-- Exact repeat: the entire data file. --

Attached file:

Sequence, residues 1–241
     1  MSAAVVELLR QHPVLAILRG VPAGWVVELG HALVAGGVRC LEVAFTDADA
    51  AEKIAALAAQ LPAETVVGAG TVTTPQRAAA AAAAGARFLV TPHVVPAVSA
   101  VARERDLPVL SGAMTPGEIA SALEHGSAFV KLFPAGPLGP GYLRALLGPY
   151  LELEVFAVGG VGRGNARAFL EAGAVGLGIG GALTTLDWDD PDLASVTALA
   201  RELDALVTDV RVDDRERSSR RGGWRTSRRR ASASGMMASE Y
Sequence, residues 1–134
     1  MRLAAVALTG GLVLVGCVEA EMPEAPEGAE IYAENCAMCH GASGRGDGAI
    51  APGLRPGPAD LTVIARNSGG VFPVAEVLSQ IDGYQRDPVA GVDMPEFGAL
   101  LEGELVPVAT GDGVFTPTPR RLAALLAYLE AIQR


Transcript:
Sequence, residues 1–241
     1  MSAAVVELLR QHPVLAILRG VPAGWVVELG HALVAGGVRC LEVAFTDADA
    51  AEKIAALAAQ LPAETVVGAG TVTTPQRAAA AAAAGARFLV TPHVVPAVSA
   101  VARERDLPVL SGAMTPGEIA SALEHGSAFV KLFPAGPLGP GYLRALLGPY
   151  LELEVFAVGG VGRGNARAFL EAGAVGLGIG GALTTLDWDD PDLASVTALA
   201  RELDALVTDV RVDDRERSSR RGGWRTSRRR ASASGMMASE Y
Sequence, residues 1–134
     1  MRLAAVALTG GLVLVGCVEA EMPEAPEGAE IYAENCAMCH GASGRGDGAI
    51  APGLRPGPAD LTVIARNSGG VFPVAEVLSQ IDGYQRDPVA GVDMPEFGAL
   101  LEGELVPVAT GDGVFTPTPR RLAALLAYLE AIQR